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Have you noticed that your Challenger has more power when the air is cold and dense in the winter?

It's well documented that for every 10 degree temperature change the power can drop or rise ~5-7whp.

With the temperature in the 30s, I can really feel the extra power in my 2009 SRT 6.1. Have you guys also noticed this with your Challengers?
 

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Have you noticed that your Challenger has more power when the air is cold and dense in the winter?

It's well documented that for every 10 degree temperature change the power can drop or rise ~5-7whp.

With the temperature in the 30s, I can really feel the extra power in my 2009 SRT 6.1. Have you guys also noticed this with your Challengers?
Yes, the engine sounds and feels more snappy. However at -41 like it was the other morning, and horsepower gain is more than negated by the fact that the trans fluid and gear oil are thick as molasses. My car won't even roll down the driveway slope in neutral.
 

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Discussion Starter · #3 ·
Yes, the engine sounds and feels more snappy. However at -41 like it was the other morning, and horsepower gain is more than negated by the fact that the trans fluid and gear oil are thick as molasses. My car won't even roll down the driveway slope in neutral.
Yes, but how about after you have driven your car for 30 minutes and everything is warmed up?
 

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Density Air calcs. Mandatory for pilots, near mandatory for drag racing etc.

Consider a day at 1000’ elevation and it is a warm day. 85 degrees, 67 degree dew point. That car is developing 95.3% of its available theoretical power.

Now like today here in MN. 1000’ again, it is 15 degrees, DP is 1.
Same car. Developing 106% power today! If I drove my Redeye in the winter, theoretically today it would run like a Demon with a crate PCM at 844 hp!

You sure can feel that near 10% difference in any car!
 

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Thanks Cuda for the 10° information. I didn't know that. (y)

Colder, denser air has more oxygen molecules in it. Engines like cold, dense oxygenated air. The down side is that with that cold, dense, horsepower making air comes cold roads which aren't particularly good for traction.
 

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2016 Challenger R/T Plus Shaker
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This is why Dodge and Plymouth had functional cold air systems from '69-'72. The Ramcharger for Dodge and the Air Grabber for Plymouth. Both shared the coolest system, the Shaker, although Plymouth called it the "Quivering Exposed Cold Air Grabber" in one ad that I remember. Thanks for the hard numbers, Cuda 340. I do notice the performance difference in different temperatures.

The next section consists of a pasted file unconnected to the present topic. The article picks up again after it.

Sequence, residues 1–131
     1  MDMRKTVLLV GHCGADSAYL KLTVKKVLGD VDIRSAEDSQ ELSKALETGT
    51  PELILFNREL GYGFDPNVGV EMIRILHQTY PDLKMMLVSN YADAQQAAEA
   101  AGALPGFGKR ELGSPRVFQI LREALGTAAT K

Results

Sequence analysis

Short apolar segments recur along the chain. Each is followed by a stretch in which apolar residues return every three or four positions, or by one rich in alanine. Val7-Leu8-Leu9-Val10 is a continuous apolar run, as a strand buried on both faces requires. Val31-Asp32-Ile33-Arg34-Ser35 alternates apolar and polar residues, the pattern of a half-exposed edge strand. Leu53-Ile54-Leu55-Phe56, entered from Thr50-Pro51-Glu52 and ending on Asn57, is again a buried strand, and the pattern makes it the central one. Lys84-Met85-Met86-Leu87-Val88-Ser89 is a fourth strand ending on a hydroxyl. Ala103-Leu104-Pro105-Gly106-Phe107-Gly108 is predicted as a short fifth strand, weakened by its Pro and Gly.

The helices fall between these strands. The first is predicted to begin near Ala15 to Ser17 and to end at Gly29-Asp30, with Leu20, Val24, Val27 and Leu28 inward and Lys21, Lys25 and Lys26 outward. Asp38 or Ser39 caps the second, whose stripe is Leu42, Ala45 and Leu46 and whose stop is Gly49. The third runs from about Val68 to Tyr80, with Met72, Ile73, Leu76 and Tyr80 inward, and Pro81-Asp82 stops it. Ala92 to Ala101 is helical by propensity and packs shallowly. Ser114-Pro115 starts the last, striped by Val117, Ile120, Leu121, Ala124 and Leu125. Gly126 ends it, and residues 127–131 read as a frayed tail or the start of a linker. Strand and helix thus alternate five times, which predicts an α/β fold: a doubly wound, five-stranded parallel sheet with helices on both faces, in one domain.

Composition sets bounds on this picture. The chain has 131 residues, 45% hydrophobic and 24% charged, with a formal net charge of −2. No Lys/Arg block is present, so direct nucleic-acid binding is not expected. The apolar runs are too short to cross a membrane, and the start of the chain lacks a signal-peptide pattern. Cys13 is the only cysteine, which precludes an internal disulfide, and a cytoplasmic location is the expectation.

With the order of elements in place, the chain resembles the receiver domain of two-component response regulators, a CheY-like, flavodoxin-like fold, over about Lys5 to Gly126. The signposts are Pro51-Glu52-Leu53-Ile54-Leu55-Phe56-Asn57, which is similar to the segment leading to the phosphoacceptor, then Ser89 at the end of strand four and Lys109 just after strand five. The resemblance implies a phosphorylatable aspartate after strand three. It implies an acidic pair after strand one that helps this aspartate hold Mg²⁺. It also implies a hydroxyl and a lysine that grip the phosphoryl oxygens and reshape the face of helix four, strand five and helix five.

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2020 Dodge Challenger Hellraisin Scat Pack
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Thanks Cuda for the 10° information. I didn't know that. (y)

Colder, denser air has more oxygen molecules in it. Engines like cold, dense oxygenated air. The down side is that with that cold, dense, horsepower making air comes cold roads which aren't particularly good for traction.
And less moisture.

Have you noticed that your Challenger has more power when the air is cold and dense in the winter?

It's well documented that for every 10 degree temperature change the power can drop or rise ~5-7whp.

With the temperature in the 30s, I can really feel the extra power in my 2009 SRT 6.1. Have you guys also noticed this with your Challengers?
Have noticed what felt like a bit peppier performance on a cooler day. Just today with the air temperature at 30F my M-B cargo van engine felt just bit more responsive to the throttle.

However, I have to admit I have been "hitting" the freeway with the van recently driving nearly 18 miles on the freeway to and back -- at 70mph -- from the place my Scat Pack is being repaired. I know from experience engines perk up some after some freeway miles. 18 is fewer miles than what I have found at least with other engines makes a difference. Around 40 miles is what I found some other engines liked.

So I'm not sure the cooler temperature or the freeway miles accounts for the slight but noticeable improvement in how the engine feels.
 

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Discussion Starter · #11 ·
This is why Dodge and Plymouth had functional cold air systems from '69-'72. The Ramcharger for Dodge and the Air Grabber for Plymouth. Both shared the coolest system, the Shaker, although Plymouth called it the "Quivering Exposed Cold Air Grabber" in one ad that I remember. Thanks for the hard numbers, Cuda 340. I do notice the performance difference in different temperatures.